• Note: β is any individual constant.
• Quantifier Exchange (Q): The sentence -(α)-φ may be entered on a line if (∃α)φ appears on an earlier line and vice versa. Likewise for the following pairs of sentences: (α)φ and -(∃α)-φ; -(α)φ and (∃α)-φ; -(∃α)φ and (α)-φ.
• As premise-numbers of the new line take all those of the earlier line.
• Identity Part A: α=α may be entered on any line of a derivation with no premise-numbers.
• Note: α is any constant term.
• Identity Part B: φ may be entered on a line if α=β and ψ appear on earlier lines (where φ results from ψ by replacing one or more occurrences of α in ψ with β).
• As premise-numbers of the new line take all those of the earlier lines.
• Note: α and β are any constant terms.
##### Counterexamples in Predicate Logic

A counterexample to an argument-form is an interpretation of the predicate letters under which the premises are true and the conclusion false, showing the argument-form invalid.

###### Counterexample 1
• Invalid Argument-form
• ~(x)(Fx Gx)
• It’s not the case that all F’s are G’s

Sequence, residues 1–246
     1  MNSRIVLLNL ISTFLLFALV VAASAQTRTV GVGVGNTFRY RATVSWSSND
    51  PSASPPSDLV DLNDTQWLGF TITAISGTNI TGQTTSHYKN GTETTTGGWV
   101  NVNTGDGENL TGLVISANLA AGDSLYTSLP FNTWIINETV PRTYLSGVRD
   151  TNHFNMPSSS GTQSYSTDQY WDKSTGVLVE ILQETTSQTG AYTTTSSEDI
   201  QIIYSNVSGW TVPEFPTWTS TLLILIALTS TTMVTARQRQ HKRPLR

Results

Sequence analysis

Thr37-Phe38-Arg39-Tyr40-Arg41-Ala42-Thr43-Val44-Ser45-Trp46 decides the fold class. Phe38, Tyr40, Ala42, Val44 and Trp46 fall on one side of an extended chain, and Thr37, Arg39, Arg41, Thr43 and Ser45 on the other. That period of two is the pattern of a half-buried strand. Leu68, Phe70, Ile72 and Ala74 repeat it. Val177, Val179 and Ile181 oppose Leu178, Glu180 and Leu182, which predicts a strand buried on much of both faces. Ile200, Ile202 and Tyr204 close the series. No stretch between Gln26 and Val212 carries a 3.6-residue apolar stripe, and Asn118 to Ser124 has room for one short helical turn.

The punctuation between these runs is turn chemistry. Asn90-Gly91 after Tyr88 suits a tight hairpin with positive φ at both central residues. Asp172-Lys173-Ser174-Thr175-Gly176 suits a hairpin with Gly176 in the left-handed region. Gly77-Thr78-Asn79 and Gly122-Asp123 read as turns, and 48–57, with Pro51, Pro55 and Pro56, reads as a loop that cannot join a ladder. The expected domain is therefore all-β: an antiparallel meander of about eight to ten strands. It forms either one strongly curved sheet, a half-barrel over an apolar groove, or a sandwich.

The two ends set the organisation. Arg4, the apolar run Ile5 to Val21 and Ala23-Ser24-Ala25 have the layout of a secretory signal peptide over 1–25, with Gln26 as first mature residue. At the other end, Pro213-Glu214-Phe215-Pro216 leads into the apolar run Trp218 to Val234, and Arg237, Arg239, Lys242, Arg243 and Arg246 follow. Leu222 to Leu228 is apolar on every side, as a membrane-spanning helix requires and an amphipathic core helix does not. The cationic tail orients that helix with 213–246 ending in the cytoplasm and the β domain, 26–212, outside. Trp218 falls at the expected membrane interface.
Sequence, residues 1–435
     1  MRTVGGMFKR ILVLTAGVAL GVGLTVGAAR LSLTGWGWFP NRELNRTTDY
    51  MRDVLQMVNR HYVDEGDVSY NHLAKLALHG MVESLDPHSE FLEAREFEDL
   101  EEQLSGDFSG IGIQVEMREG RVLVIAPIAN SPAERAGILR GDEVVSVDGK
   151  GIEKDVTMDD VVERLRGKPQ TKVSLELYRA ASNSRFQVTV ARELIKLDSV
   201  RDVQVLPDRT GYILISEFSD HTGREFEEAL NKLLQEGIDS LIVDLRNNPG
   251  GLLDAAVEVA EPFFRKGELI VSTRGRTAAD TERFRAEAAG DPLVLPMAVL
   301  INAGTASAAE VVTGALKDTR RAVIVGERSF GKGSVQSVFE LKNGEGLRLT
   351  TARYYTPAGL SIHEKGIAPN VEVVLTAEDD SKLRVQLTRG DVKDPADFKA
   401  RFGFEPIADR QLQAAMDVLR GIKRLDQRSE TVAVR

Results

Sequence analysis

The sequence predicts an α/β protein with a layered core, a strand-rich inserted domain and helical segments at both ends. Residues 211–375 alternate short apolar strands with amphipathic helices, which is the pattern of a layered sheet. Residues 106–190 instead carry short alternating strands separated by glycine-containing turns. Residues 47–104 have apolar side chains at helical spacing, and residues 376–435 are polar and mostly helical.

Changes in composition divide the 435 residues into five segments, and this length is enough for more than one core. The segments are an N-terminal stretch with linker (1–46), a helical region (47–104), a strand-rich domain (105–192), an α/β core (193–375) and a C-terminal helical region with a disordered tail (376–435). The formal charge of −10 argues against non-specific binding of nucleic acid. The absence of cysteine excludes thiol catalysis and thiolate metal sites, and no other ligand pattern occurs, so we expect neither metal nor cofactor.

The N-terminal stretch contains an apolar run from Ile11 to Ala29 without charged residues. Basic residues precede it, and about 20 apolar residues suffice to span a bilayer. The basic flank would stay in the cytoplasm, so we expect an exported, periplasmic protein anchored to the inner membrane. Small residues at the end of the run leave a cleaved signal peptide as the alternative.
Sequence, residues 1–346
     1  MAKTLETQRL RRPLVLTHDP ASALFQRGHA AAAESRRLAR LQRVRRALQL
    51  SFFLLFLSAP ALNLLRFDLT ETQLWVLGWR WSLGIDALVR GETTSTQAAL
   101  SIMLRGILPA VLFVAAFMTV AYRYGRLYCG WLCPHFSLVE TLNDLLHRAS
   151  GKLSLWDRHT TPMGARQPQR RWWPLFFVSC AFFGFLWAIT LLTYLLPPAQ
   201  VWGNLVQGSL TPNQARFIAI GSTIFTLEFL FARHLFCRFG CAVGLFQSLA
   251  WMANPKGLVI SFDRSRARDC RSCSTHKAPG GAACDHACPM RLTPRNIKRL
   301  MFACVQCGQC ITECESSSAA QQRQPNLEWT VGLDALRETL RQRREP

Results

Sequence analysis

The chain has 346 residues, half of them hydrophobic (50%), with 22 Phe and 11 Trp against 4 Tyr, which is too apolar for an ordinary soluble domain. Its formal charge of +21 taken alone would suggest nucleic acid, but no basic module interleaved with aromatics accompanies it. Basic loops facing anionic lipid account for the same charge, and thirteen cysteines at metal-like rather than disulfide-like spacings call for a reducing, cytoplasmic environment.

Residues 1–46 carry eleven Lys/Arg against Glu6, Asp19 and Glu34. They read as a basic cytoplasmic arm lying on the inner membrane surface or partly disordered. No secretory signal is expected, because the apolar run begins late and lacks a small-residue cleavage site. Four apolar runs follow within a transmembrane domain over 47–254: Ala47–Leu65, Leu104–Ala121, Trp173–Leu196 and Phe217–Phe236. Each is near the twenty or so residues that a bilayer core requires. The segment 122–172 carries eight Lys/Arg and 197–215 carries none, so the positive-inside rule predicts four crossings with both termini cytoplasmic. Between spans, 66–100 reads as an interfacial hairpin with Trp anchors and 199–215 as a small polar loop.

• ~(x)(Gx Hx)
• It’s not the case that all G’s are H’s
• Therefore, ~(x)(Fx Hx)
• It’s not the case that all F’s are H’s
• Counterexample
• F: x is an integer > 10
• G: x is an integer < 7
• H: x is an integer > 5
• So
• Not every integer greater than 10 is less than 7.
• True
• Not every integer less than 7 is greater than 5.
• True
• Not every integer greater than 10 is greater than 5
• False
###### Counterexample 2
• Invalid Argument-form
• (x)(Ey)Rxy
• For every entity, at least one entity R’s it.
• (x)(y)(Rxy  Ryx)
• For any entities x and y, if x R’s y then y R’s x.
• Therefore, (x)Rxx
• Every entity R’s itself
• Counterexample
• R: x and y are integers next to each other so that either x-y=1 or y-x=1
• So
• For every integer, at least one integer is next to it.
• True
• For any integers x and y, if x and y are next to each other, then y and x are next to each other.
• True
• Every integer is next to itself.
• False